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Background: Iron deficiency anemia (IDA) affects 2%–5% of reproductive-age women. Screening is based on risk factors, such as a low-iron diet and menstruation. However, published IDA risk factors fail to consider age-related risks specific to adolescent women, potentially limiting identification of high-risk adolescents for objective testing. The goal of the study was to examine IDA risk factors in a nationally representative sample of younger (12–21 years) and older (22–49 years) reproductive-age women.
Materials and Methods: Data were obtained from the National Health and Nutrition Examination Survey (NHANES) 2003–2010. IDA was defined using hemoglobin, ferritin, soluble transferrin receptor, standard NHANES laboratory measures. Sex-, age-, and race-specific hemoglobin values defined anemia. Iron deficiency was calculated using ferritin and soluble transferrin receptor in the body iron formula. Logistic regression assessed the association of potential risk factors (race, body mass index, poverty, iron intake, tobacco/nicotine exposure, physical activity, menses, and contraceptive use) with IDA in younger and older women.
Results: The prevalence of IDA was 2.4% and 5.5% among younger and older women, respectively. Among younger women, contraceptive use was marginally protective from IDA (risk ratio 0.50, 95% confidence interval [CI] 0.25–1.00). Among older women, significant variables included Black race (risk ratio 2.31, 95% CI 1.33–4.02) and increased years menstruating (≥25 years vs. <25 years; risk ratio 1.93, 95% CI 0.99–3.76).
Conclusions: Risk factors for IDA among older reproductive-age women do not apply to adolescent women. To better inform the timing and frequency of screening recommendations, further research must identify adolescent-specific IDA risk factors.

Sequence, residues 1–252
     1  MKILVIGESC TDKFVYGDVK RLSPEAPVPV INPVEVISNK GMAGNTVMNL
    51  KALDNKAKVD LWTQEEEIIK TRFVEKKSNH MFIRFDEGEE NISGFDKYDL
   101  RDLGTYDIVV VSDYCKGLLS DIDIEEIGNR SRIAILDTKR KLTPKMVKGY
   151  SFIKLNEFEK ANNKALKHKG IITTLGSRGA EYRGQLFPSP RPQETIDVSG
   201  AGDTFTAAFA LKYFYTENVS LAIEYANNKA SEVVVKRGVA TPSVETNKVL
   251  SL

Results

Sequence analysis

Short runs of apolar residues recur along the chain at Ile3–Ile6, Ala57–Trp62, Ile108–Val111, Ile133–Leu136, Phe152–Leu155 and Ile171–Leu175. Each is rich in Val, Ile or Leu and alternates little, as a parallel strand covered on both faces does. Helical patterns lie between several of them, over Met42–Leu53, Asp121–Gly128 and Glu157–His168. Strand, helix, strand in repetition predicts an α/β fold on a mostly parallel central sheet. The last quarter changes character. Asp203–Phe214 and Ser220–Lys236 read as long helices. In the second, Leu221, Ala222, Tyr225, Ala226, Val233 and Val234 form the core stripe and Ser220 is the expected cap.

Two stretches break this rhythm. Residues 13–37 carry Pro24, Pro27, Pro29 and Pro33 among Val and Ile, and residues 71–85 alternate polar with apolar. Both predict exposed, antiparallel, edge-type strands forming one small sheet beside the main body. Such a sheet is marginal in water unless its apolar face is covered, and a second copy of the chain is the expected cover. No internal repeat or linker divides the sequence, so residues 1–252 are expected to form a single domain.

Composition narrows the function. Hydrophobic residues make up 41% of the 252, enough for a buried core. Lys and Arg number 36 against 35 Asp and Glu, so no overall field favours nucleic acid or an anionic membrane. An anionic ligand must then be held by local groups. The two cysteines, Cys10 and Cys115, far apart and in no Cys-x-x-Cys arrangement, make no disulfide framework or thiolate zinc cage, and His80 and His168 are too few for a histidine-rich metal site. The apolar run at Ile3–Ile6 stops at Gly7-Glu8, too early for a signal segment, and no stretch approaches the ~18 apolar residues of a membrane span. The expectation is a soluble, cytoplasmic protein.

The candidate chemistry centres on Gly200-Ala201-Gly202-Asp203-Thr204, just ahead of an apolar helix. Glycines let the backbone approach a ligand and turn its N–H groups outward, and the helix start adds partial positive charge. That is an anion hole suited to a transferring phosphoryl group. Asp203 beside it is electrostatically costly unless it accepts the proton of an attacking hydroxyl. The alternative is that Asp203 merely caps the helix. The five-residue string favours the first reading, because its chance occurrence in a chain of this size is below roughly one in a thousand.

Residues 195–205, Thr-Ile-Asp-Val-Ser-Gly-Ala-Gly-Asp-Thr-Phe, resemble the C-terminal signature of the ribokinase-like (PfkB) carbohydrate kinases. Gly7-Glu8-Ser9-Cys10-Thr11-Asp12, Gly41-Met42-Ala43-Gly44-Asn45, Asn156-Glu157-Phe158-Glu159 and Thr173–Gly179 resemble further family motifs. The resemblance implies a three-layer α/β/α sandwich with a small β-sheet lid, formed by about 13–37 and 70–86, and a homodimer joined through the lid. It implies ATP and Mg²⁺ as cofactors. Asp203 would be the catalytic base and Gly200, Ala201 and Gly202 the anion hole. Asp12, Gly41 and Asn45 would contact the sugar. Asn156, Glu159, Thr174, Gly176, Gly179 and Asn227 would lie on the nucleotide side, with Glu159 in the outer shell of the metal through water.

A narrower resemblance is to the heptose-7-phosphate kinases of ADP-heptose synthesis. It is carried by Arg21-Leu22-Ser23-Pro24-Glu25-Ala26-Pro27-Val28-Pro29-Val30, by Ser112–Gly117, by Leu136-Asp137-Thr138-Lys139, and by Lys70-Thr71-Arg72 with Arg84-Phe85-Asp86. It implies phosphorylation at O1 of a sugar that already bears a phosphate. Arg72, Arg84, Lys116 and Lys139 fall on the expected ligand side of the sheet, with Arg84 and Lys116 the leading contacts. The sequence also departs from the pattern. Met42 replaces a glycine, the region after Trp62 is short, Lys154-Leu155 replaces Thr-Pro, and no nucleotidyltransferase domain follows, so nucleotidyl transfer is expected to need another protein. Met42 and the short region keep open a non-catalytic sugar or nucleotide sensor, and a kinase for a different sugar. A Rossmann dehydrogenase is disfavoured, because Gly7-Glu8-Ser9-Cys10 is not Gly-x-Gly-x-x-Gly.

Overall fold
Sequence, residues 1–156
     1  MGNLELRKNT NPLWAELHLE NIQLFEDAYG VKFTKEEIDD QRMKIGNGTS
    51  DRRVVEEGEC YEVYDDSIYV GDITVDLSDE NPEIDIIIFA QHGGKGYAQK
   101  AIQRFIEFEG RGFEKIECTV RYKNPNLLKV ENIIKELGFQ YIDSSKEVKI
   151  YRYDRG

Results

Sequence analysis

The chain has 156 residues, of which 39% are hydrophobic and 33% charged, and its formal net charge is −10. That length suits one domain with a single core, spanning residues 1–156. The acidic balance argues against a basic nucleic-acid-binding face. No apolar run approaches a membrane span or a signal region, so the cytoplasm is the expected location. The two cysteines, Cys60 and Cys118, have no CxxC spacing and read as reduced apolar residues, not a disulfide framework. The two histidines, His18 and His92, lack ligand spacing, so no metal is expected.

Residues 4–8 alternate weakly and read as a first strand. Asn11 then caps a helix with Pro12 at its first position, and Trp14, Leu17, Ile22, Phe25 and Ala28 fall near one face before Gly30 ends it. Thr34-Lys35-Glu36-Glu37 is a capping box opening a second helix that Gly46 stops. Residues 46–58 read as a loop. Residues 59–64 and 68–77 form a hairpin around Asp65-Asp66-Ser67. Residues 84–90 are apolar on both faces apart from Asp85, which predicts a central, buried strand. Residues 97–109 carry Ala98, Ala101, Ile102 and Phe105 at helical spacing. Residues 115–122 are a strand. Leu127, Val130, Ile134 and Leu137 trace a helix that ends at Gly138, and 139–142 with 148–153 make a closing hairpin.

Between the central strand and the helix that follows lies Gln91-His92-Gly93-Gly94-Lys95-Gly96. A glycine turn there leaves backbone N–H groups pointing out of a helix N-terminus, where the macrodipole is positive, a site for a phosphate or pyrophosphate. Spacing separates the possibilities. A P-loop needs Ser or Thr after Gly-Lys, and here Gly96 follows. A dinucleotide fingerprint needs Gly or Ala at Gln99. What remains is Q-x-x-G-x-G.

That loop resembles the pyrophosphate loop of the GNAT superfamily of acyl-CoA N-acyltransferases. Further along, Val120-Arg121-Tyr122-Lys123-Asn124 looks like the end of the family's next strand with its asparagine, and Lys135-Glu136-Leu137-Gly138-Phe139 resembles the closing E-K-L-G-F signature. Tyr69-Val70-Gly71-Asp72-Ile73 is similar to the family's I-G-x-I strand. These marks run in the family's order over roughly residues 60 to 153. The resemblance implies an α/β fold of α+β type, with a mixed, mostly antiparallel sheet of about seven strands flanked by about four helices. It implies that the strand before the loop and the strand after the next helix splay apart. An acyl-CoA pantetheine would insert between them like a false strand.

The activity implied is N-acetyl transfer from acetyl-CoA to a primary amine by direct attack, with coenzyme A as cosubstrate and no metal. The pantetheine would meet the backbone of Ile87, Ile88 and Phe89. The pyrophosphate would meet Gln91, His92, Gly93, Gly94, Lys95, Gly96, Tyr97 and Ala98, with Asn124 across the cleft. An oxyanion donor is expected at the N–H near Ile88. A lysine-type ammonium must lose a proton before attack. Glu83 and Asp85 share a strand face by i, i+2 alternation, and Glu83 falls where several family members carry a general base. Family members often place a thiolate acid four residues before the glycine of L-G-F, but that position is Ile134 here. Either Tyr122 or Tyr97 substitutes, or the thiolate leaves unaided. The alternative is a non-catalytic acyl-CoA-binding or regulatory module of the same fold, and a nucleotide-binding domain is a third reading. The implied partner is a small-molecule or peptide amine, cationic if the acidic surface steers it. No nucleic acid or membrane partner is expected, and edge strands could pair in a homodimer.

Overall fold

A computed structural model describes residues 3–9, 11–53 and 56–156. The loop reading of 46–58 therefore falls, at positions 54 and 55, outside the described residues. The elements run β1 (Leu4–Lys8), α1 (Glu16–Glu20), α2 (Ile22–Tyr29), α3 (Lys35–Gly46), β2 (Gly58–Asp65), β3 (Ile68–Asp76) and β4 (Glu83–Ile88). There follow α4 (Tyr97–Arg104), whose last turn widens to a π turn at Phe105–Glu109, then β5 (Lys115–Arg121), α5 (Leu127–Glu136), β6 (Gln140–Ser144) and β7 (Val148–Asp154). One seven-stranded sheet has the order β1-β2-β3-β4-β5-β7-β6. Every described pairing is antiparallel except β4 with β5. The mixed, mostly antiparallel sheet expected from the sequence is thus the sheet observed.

Anemia may have multiple etiologies, but the most common cause among reproductive-age women is iron deficiency.1–3 Iron deficiency anemia (IDA) affects 2%–5% of reproductive-age women in the United States with clearly documented morbidity.1,2,4–9 Adolescent women with IDA may experience negative effects on cognitive function, audiovisual reaction time, and physical performance.10–14 Symptoms improve rapidly with iron supplementation.10,13 Although anemia is a late-stage indicator of iron deficiency, laboratory testing is commonly based on a hemoglobin level to screen for anemia due to its widespread availability and ease of interpretation.2,15
The Centers for Disease Control and Prevention (CDC) recommends testing “all nonpregnant women for anemia every 5–10 years throughout their childbearing years during routine health examinations.” Women with risk factors (extensive menstrual or other blood loss, low iron intake, and previous diagnosis of IDA) are recommended for annual objective testing, although risk assessment tools for blood loss and low iron intake are either not available or not widely used.15,16